Visiting Cherry Point – The Windshield Tour

While you are visiting Cherry Point near Havelock, let’s say you mustered up a group and mobilized them in such an orderly way as to make it through the main gate. Visitors might instinctively expect to see hangars, towers, barracks, commissaries and mess halls. But a whole lot of things on this tour might not be so easily anticipated, such as riding stables, two marinas, beautiful Cherry Point real estate with a lush golf course, swimming and tennis facilities, a theater and a bowling alley.

You will see all these things on a drive-by basis on the “windshield tour.” Scout troops, church groups and extended families are the typical tourists that Corporal Lisa Strickland conducts through the base. She is with the Public Affairs Office and prefers to have advance notice from groups that want a tour, if for no other reason than to requisition a vehicle large enough to accommodate the group.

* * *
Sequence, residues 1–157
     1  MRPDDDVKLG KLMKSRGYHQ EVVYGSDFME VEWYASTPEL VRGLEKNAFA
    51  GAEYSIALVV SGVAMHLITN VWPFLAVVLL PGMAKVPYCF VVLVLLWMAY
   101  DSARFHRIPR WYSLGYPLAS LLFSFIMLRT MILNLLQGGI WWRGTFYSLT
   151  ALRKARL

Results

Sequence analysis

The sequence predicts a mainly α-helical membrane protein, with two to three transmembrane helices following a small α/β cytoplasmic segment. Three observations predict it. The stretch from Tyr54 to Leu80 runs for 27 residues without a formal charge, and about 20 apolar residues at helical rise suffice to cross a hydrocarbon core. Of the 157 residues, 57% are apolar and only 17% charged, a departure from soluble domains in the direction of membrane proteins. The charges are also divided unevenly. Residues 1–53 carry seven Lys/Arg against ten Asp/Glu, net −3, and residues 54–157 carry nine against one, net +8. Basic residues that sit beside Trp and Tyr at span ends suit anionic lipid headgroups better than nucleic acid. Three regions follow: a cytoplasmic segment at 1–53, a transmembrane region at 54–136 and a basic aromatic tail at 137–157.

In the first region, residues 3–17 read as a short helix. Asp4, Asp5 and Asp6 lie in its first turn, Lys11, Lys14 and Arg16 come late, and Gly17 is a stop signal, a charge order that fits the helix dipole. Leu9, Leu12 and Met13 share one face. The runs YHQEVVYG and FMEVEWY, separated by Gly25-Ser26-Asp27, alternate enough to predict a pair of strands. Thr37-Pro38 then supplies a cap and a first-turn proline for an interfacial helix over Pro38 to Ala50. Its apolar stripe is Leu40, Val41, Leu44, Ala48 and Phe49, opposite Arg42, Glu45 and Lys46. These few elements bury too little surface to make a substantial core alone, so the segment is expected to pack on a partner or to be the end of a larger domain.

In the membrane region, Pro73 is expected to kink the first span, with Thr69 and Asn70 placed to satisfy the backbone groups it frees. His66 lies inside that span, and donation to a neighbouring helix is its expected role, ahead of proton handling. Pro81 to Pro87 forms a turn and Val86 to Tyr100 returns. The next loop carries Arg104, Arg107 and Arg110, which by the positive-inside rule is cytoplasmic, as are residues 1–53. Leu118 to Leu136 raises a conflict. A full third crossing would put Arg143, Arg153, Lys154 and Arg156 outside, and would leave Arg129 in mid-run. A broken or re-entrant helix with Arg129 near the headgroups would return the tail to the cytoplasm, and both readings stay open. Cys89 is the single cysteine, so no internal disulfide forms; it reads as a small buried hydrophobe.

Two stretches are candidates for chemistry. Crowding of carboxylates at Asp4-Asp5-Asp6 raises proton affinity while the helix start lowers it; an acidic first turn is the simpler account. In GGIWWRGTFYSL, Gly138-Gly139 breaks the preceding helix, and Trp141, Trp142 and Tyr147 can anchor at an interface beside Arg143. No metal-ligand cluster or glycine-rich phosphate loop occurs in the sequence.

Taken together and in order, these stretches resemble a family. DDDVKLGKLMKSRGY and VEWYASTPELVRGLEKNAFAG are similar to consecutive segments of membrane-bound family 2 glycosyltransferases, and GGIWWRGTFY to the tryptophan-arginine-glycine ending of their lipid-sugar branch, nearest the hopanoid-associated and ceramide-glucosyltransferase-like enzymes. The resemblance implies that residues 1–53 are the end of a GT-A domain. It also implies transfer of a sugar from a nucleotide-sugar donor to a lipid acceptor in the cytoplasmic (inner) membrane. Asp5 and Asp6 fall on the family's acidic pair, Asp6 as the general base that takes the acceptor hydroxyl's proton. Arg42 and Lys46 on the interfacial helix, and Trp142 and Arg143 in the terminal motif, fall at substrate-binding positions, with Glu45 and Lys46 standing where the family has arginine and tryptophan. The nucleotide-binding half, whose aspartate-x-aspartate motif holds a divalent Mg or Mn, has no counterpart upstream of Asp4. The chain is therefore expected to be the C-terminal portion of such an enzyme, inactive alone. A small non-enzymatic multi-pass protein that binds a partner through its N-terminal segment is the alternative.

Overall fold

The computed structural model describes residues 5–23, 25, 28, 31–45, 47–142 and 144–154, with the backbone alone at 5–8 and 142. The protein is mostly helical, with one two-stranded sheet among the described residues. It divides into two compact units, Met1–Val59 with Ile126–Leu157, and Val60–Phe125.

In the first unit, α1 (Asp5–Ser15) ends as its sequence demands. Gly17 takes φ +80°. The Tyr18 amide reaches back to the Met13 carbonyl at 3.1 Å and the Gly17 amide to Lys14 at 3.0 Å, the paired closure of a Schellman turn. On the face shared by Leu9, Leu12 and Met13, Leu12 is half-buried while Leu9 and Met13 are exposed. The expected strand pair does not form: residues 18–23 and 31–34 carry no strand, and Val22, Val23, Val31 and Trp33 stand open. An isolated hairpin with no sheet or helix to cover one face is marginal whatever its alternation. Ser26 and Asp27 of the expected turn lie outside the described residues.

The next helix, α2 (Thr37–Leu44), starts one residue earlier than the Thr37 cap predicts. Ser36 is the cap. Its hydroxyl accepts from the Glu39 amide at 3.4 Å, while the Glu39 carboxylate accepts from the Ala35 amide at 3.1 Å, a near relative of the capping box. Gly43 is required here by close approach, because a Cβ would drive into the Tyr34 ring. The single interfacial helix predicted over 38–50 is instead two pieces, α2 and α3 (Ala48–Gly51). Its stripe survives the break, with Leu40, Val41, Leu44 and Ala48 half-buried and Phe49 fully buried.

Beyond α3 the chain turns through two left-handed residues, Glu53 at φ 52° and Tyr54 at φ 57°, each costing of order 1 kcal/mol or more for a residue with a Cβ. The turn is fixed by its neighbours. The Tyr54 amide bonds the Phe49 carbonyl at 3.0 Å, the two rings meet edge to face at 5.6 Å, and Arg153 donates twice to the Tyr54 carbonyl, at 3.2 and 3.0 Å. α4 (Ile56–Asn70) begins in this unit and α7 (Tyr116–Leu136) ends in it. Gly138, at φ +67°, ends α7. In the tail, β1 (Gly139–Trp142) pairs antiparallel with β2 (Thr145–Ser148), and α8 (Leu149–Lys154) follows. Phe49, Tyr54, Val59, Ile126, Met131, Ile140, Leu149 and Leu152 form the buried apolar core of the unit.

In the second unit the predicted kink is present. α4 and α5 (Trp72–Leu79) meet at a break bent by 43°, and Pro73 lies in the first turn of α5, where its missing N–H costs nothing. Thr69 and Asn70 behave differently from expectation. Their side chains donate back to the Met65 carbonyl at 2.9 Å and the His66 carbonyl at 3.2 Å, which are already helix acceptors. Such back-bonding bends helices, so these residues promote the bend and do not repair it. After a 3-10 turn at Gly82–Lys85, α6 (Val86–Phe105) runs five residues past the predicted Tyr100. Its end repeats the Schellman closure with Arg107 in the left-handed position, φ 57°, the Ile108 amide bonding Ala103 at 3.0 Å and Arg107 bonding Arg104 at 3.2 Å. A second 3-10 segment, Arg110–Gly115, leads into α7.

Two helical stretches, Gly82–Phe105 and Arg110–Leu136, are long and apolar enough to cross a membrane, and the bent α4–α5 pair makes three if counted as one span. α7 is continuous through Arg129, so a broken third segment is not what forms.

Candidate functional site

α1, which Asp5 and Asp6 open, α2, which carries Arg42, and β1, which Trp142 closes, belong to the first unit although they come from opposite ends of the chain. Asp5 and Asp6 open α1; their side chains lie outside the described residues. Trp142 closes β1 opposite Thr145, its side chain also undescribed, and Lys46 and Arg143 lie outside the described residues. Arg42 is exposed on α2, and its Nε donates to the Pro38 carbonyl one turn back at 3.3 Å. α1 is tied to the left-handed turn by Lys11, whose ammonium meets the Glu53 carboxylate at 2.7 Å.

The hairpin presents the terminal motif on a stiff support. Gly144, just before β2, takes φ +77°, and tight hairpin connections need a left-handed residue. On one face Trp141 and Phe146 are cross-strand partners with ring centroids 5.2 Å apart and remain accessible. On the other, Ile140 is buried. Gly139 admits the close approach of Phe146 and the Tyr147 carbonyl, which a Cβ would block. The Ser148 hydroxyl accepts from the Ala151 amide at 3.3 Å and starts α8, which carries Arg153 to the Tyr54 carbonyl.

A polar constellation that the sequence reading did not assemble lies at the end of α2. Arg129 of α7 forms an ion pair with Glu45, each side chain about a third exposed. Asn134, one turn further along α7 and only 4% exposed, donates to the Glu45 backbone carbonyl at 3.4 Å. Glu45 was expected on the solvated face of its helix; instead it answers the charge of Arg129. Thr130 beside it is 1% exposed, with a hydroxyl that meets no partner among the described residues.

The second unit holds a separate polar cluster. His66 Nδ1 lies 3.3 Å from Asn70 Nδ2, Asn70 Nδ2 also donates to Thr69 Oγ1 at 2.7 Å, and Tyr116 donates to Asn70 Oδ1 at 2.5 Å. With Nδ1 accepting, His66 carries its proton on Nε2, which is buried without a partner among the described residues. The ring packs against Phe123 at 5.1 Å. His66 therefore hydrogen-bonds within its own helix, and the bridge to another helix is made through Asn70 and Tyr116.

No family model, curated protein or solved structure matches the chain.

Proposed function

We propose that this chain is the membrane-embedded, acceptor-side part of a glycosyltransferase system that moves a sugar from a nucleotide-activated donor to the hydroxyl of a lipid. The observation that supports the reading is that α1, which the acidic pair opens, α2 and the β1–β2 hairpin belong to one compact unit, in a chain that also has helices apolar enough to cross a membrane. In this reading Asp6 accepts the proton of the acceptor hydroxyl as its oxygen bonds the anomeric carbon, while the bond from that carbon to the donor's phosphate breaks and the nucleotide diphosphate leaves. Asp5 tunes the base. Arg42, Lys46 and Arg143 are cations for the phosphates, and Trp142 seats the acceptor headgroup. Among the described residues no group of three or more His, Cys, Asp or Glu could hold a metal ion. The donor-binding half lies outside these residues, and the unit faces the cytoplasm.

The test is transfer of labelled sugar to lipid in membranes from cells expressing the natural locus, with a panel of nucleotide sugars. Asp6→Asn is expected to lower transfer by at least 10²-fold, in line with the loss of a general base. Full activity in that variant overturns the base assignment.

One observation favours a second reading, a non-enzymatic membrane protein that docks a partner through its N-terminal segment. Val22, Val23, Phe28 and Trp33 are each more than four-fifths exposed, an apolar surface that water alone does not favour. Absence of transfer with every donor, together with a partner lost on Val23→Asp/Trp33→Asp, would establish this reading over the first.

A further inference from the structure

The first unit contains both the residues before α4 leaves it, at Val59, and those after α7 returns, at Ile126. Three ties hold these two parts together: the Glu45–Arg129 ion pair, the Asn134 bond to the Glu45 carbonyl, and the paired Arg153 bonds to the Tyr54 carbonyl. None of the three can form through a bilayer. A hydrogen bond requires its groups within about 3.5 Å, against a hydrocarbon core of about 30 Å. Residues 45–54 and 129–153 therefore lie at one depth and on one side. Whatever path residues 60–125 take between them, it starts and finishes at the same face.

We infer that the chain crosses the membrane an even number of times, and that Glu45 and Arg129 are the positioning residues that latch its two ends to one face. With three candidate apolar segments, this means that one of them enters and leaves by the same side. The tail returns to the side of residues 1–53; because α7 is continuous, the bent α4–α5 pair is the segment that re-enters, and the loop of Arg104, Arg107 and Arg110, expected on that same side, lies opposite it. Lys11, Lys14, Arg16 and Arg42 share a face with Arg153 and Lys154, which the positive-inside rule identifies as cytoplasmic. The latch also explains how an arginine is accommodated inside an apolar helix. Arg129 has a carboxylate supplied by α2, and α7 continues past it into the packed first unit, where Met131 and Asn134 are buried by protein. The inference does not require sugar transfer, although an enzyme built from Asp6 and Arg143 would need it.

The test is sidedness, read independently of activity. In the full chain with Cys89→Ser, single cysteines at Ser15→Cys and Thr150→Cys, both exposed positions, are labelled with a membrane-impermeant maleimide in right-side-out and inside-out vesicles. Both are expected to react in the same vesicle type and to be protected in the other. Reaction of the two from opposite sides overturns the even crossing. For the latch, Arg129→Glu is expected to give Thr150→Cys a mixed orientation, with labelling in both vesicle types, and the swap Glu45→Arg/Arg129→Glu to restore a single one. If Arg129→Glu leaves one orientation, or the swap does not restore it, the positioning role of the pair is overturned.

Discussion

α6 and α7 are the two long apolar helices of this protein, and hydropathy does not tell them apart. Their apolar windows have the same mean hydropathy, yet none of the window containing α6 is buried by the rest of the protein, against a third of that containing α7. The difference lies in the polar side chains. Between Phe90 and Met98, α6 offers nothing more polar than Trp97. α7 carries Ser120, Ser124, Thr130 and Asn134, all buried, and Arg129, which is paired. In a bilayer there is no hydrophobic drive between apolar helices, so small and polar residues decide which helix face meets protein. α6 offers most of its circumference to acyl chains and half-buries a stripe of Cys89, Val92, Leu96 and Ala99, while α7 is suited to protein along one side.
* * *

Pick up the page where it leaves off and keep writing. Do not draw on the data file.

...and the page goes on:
“You must have a decal to come through that gate,” she said. “Any kind of visitor would have to go through the building up front called “Pass and ID,” show a drivers license, registration, proof of insurance and a sponsor if you are not military.” Civilians wishing to attend a golf tournament or memorial service could go on the base unescorted and without a sponsor, but have to do a lot of explaining and might improve their odds a bit by calling ahead.

Just inside the main gate is a Fleet Readiness Center, or FRC. In this facility, rotary aircraft are overhauled, helicopters like CH-46 and the HH-46 (the “H” stands for hospital), better known as search and rescue (SAR) helicopters. “They are what we call Pedro, and we also deal with CH-53s, the largest military helicopters,” explains Strickland.

Aircraft brought in from every branch of the military are serviced in this facility. “They pretty much break them down literally to wire and metal and build them back up, replace any parts, rebuild any parts,” she said. “There are about 3,600 civilians that work in FRC East and about 40 Marines, which is very different from any other place on base. The rest are all Marines and a few secretaries.”